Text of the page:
Publication in journals or monographs is not the only way in which information can be disseminated, however. The advantages of publication have traditionally been threefold. Publication enabled information to reach more people more quickly than did personal communication (before academic journals existed, the sharing of knowledge was largely informal, and carried out through direct communication until and unless the author published a book). This advantage is now far less relevant, since it is easy to put information on the internet. Publication also fixed the information in a standard, findable, permanent form; and that is an advantage not yet always extant in online formats, though the use of repositories should improve permanency and findability. Finally, publication involves a certain amount of gatekeeping; no publisher can publish everything submitted, since there are questions of cost and also of suitability. Thus the existence of peer review, which in theory ensures that published academic works are of high quality. This is something that repositories do not assist with at the present time, since their purpose is to archive rather than to review.

It would be entirely possible to add some sort of review function to a repository, however. It need not be required for all items, but could be an option. A university press could use the same group of reviewers now called upon to evaluate submitted manuscripts (books, articles, or both) to evaluate items deposited in an institutional repository. If of suitable quality, those items could be designated as “peer reviewed” and be considered the equivalent of a formal publication, with the imprimatur of the press; authors could also have the opportunity to revise the work if reviewers felt it was not up to standard.

Substituting peer-reviewed items in digital repositories for traditional university press-published journals and monographs seems to me to be a potential way to continue disseminating new knowledge, retain quality standards, and yet not continue to need to subsidize money-losing presses. If the digitized items in the repository could also be converted into printable formats, using the Espresso Book Machine or similar technology, then it’s hard to see what losses there would be in such a shift.

Greig, Morag. 2007. Repositories and copyright: Major hurdle or minor obstacle? ALISS Quarterly 3 (1): 16-9.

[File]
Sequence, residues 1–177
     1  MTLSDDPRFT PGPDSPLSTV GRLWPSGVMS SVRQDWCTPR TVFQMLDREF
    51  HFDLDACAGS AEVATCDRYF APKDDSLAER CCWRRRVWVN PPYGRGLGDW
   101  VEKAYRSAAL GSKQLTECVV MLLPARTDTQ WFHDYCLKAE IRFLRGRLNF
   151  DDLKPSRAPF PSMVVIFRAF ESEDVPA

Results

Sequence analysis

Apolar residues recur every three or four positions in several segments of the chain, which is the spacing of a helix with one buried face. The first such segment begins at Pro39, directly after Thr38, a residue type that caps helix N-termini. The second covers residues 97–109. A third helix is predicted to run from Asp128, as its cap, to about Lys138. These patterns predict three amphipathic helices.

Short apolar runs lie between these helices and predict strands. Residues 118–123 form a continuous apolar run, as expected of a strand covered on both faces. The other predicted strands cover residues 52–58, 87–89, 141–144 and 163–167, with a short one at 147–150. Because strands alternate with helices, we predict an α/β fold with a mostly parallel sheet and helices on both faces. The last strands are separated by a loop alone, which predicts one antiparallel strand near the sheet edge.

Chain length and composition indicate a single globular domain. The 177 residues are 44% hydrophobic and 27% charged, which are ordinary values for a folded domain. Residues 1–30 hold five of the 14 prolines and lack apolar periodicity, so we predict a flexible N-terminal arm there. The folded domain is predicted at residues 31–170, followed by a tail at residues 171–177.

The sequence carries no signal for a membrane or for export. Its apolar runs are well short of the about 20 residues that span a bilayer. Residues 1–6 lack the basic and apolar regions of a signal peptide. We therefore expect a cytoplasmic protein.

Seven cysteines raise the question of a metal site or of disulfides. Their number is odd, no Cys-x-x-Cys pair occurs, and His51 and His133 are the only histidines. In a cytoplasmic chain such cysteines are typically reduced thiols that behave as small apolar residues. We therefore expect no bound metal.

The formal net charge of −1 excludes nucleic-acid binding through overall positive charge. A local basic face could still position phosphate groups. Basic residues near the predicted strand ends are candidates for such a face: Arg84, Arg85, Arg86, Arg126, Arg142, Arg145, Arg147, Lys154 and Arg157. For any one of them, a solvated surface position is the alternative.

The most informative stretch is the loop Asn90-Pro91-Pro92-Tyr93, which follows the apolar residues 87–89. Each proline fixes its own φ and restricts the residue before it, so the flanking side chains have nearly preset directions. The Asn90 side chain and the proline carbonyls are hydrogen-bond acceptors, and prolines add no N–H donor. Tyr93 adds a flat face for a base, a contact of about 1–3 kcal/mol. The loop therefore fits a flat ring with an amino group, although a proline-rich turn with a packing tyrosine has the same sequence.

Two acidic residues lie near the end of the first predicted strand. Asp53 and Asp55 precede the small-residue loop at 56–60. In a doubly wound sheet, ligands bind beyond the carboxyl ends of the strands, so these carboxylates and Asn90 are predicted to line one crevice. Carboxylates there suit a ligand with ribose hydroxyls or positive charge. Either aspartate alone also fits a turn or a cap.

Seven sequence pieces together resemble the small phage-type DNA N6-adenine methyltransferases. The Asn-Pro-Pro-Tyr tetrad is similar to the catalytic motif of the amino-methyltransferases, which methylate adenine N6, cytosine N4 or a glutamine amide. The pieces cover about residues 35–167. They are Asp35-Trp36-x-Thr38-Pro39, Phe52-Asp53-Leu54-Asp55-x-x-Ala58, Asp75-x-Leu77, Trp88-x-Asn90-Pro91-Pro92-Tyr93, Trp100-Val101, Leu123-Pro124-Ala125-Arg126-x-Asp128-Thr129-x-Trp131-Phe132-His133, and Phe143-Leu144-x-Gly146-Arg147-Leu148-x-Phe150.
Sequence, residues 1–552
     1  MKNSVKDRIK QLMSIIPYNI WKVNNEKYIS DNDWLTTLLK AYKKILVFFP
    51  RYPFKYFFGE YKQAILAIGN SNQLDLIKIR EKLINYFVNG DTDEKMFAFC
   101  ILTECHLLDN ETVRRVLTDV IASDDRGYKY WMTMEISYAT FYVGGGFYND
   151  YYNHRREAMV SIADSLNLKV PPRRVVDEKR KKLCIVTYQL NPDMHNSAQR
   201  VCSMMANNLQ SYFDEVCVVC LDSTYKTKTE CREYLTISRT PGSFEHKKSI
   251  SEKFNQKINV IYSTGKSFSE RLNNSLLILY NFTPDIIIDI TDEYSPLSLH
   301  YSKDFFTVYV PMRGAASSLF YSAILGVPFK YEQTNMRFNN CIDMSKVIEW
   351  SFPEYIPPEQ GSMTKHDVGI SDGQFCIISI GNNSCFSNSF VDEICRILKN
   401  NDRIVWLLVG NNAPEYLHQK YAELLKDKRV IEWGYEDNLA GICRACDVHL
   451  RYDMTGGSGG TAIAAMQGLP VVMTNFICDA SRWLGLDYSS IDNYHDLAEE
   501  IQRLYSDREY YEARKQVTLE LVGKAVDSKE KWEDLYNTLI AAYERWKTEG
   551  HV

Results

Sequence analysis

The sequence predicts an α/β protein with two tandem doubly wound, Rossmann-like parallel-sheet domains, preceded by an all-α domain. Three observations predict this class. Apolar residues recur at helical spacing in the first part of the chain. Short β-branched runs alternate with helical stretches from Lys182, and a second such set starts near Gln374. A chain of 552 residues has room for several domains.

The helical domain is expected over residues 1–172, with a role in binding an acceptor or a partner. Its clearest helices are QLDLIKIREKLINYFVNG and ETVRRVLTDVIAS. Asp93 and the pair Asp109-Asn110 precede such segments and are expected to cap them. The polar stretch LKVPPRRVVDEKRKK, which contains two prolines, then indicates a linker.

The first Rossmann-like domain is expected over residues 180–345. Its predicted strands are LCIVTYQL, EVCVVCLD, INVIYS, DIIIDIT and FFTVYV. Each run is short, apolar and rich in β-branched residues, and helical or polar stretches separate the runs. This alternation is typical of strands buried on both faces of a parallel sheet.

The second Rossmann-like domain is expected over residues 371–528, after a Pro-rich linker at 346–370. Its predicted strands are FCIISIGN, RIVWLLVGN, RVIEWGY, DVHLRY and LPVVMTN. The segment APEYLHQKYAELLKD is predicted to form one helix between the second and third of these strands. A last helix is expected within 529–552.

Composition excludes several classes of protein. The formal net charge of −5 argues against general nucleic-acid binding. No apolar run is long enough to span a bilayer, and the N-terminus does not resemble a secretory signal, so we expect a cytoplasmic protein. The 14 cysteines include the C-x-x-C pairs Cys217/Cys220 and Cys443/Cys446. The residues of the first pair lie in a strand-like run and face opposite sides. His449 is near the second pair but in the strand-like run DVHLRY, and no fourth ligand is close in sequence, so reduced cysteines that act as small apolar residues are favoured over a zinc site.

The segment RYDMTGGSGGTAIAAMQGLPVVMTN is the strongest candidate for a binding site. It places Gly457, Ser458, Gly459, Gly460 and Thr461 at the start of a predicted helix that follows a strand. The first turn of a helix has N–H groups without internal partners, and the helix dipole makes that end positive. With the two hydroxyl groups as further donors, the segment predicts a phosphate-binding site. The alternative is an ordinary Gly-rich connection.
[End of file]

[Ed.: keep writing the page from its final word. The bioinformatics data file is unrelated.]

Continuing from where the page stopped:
In doing some research on copyright I found this article, which looks at issues of copyright connected to the institutional repository at the University of Glasgow, specifically at that part of the repository which holds published materials (unpublished materials not usually being subject to copyright problems). Authors may either self-deposit or have repository staff make the deposit; the latter is generally preferred since authors do not feel they can accurately understand publishers’ copyright agreements, and are concerned lest they break the law.

Grieg discusses the methods by which staff can determine if an article may be deposited. Often a particular version is authorized by the publisher for deposit, but it may be difficult to obtain the correct version. She notes that it is usually relatively straightforward to find out if journal articles may be deposited, but more difficult for other items such as conference papers. Books and book chapters are also difficult as the contracts between publishers and authors rarely stipulate what is permissible with respect to repositories, but some books have been placed in this repository and have been very frequently used (over 22,000 downloads in one case).

The final comment in the article is of especial interest. Grieg points out that for all the problems that can exist in getting the appropriate permissions from publishers for deposit of materials in repositories, the greatest barrier remains the authors themselves, who must make the first effort to deposit, but who often still do not see this as part of what is expected of them.

This is a subject that will be ongoing for quite a long time, I think. I’m still trying to get my head around what the settlement does, and what the implications potentially are for both libraries and individuals.

The Disruptive Library Technology Jester so far has six posts dealing with the settlement, and I have found the comments and summaries there to be quite useful.

1. Google Book Search Settlement: Introduction, Public Announcements
2. Google Book Search Settlement: Reviewing the Notice of Settlement
3. Is OCLC’s Change of WorldCat Record Use/Transfer Policy Related to the Google Book Search Agreement?
4. Google Book Search Settlement: Public Access Service
5. Preliminary Court Approval of Google Book Settlement; Final Approval Hearing Set
6. Google Book Search Settlement and Library Consortia

What does seem clear to me so far is that any library that might wish to make use of the materials digitized by Google and its partners is going to have to read very carefully the settlement and the terms of use that Google is establishing. Libraries acting as part of consortiums may be able to get discounts in pricing.